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The Brief: July 22, 2010

The State Board of Education wades into a little bit of controversy — yet again.

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THE BIG CONVERSATION:

The State Board of Education is no stranger to controversy — and it's found a little bit, once again. (Just don't expect anything in the way of a flashy textbook battle this time.)

Representatives for Texas charter schools on Wednesday asked the board to invest $100 million in renting classrooms and facilities to the schools — a new and controversial move for the board. The SBOE, per board member David Bradley's proposal, would draw the funds from the state's $23 billion Permanent School Fund.

The request comes from proponents of the state's 460 charter schools, which receive state funding but no aid for their facilities, leaving many to operate out of strip malls and abandoned warehouses.

But the controversy surrounds dipping into that Permanent School Fund, which law dictates must be invested for maximum return — and using the funds to save charter schools money couldn't possibly maximize returns, critics of the proposal say. The Tribune's Brian Thevenot reported on the matter in June.

With similar concerns in mind, lawyers instructed the board Wednesday to tread carefully and request an opinion from the state attorney general to avoid future litigation. The Tribune's Elizabeth Titus has a report today:

Other board members agree that charter schools need help, but expressed doubts about the profit they could expect on such investments if charters were given favorable lease terms, as some interpret the intent of Bradley's plan. Lawyers said Wednesday that, while the state Constitution doesn't prohibit investments that benefit charter schools, the board is still bound by its investment standards — namely, investing for maximum return — regardless of who else might benefit in the arrangement. And because charter school properties are relatively risky and their long-term returns and hard to predict, Bradley's plan could arguably violate those standards, they said.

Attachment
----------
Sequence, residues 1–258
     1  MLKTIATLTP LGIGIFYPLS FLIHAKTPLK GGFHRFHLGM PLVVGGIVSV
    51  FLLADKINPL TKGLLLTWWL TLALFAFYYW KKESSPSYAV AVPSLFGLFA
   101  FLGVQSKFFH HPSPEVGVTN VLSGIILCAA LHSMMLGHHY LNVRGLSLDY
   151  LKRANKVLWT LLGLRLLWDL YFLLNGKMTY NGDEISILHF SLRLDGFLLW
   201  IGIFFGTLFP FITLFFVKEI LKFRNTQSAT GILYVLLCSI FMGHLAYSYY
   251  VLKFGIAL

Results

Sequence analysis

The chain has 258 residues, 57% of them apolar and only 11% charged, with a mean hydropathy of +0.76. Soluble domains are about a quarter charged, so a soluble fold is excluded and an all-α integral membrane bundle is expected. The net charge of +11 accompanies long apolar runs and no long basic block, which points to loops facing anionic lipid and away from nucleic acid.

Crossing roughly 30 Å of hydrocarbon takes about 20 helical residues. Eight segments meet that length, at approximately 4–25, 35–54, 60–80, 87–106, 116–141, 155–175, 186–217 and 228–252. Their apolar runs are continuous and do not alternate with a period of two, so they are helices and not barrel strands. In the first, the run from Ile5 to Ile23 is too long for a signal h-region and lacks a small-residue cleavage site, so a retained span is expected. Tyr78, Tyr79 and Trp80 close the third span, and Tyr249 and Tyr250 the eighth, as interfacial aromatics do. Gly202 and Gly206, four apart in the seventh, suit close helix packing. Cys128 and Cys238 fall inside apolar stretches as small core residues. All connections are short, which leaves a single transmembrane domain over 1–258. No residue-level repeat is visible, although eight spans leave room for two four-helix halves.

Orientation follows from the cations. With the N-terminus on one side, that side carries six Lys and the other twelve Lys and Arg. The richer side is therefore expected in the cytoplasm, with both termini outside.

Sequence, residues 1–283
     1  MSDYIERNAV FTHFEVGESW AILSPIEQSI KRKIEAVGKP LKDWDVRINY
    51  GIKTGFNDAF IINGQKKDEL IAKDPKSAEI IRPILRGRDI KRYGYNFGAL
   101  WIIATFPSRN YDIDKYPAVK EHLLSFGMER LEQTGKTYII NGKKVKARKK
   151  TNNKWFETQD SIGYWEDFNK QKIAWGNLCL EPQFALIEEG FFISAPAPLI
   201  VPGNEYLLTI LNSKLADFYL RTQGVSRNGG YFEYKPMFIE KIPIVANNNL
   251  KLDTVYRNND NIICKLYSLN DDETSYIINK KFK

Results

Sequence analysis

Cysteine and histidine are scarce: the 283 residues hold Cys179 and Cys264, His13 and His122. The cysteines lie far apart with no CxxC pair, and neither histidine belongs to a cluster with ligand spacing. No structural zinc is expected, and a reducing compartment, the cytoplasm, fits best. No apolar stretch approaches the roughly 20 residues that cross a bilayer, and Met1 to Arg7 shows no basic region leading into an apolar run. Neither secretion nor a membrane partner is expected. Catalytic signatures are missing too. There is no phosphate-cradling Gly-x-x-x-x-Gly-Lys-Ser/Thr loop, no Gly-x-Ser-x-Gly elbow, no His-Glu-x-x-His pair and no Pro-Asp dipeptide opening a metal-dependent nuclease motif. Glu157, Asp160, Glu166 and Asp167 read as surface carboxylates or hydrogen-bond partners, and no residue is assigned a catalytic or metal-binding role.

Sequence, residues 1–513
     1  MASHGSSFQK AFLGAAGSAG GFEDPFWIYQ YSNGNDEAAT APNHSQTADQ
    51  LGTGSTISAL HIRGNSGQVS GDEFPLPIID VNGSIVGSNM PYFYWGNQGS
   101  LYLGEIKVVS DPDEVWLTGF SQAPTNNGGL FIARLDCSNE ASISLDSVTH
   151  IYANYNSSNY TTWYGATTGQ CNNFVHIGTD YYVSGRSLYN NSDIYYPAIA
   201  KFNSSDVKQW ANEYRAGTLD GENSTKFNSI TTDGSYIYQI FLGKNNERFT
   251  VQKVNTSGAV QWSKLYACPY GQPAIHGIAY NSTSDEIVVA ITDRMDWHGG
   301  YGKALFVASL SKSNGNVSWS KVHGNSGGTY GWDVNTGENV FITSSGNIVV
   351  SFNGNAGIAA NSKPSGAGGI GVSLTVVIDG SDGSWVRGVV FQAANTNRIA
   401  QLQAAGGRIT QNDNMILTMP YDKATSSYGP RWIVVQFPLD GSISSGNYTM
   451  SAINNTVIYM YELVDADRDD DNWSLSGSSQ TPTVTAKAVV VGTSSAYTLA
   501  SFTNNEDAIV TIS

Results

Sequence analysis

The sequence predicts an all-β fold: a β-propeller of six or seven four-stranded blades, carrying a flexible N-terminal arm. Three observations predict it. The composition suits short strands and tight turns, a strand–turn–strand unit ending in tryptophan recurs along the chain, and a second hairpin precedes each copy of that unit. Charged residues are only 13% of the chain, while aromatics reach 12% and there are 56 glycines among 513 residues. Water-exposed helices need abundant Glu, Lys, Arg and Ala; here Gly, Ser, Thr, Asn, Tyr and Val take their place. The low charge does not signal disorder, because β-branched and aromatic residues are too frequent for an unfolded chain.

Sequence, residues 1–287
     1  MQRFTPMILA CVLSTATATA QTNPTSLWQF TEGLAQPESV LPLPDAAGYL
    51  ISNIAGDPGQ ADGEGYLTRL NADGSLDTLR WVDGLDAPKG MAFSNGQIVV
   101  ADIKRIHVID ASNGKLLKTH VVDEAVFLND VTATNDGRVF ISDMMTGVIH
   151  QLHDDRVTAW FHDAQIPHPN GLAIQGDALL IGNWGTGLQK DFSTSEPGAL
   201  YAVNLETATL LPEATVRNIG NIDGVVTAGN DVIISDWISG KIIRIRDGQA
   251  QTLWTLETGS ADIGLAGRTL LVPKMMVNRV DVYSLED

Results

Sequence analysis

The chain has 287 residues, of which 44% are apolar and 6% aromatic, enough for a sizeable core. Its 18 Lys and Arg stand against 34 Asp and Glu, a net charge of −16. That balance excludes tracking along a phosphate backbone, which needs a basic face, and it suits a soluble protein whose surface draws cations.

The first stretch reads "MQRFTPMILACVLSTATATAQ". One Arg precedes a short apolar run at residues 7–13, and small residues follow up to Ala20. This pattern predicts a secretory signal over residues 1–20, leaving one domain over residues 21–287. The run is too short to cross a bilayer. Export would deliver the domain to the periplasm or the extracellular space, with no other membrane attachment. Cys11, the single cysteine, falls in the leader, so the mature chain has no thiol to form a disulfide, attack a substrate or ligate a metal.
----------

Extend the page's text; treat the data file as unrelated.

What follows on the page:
With the possibility of a six-month wait for the attorney general's opinion, the proposal will stay in limbo as new board members take office next year.

CULLED:

  • Democratic gubernatorial candidate Bill White is distancing himself from Barack Obama as the president's trip to Texas in August nears. Asked if he'll be attending any events with Obama, who will be here to fundraise for Democrats, White has said he's just too busy. Oh, and, as he told The Dallas Morning News Thursday, "There are some people, including me, who believe that the president is spending a lot more money than we're taking in, is spending too much money in Washington." Meanwhile, Gov. Rick Perry, who's hitting White for his ties to Obama, says he's more than willing to sit in the same room as the president.
  • The Tea Party now has a little more institutional support, with a congressional caucus of its own — a quarter of its members from Texas — now established in the U.S. House.

"I was in the oil and gas business when he was a community organizer." — Bill White, distancing his background from Obama's

MUST-READ:

A gathering storm halts Gulf oil well work — The Associated Press

National Republicans say Canseco a contenderSan Antonio Express-News

Dallas to get $20 million more than estimated in property tax revenueThe Dallas Morning News

Texas Democrats Push to Increase Hispanic Turnout — The Texas Tribune

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